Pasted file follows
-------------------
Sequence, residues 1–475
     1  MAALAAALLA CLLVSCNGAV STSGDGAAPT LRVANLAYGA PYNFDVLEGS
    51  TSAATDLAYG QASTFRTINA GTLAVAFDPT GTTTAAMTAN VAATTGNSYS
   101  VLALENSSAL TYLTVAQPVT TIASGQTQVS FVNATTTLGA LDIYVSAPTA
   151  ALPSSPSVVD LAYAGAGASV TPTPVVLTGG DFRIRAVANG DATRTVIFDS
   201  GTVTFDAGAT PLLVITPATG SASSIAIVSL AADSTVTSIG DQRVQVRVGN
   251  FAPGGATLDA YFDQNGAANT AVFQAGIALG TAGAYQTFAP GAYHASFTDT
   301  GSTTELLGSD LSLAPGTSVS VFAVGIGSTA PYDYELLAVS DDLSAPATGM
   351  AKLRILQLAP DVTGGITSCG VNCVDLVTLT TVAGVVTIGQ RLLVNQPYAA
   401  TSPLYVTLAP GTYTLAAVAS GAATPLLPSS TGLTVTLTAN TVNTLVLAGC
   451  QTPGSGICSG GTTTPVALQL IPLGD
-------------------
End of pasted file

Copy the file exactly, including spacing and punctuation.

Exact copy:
Sequence, residues 1–475
     1  MAALAAALLA CLLVSCNGAV STSGDGAAPT LRVANLAYGA PYNFDVLEGS
    51  TSAATDLAYG QASTFRTINA GTLAVAFDPT GTTTAAMTAN VAATTGNSYS
   101  VLALENSSAL TYLTVAQPVT TIASGQTQVS FVNATTTLGA LDIYVSAPTA
   151  ALPSSPSVVD LAYAGAGASV TPTPVVLTGG DFRIRAVANG DATRTVIFDS
   201  GTVTFDAGAT PLLVITPATG SASSIAIVSL AADSTVTSIG DQRVQVRVGN
   251  FAPGGATLDA YFDQNGAANT AVFQAGIALG TAGAYQTFAP GAYHASFTDT
   301  GSTTELLGSD LSLAPGTSVS VFAVGIGSTA PYDYELLAVS DDLSAPATGM
   351  AKLRILQLAP DVTGGITSCG VNCVDLVTLT TVAGVVTIGQ RLLVNQPYAA
   401  TSPLYVTLAP GTYTLAAVAS GAATPLLPSS TGLTVTLTAN TVNTLVLAGC
   451  QTPGSGICSG GTTTPVALQL IPLGD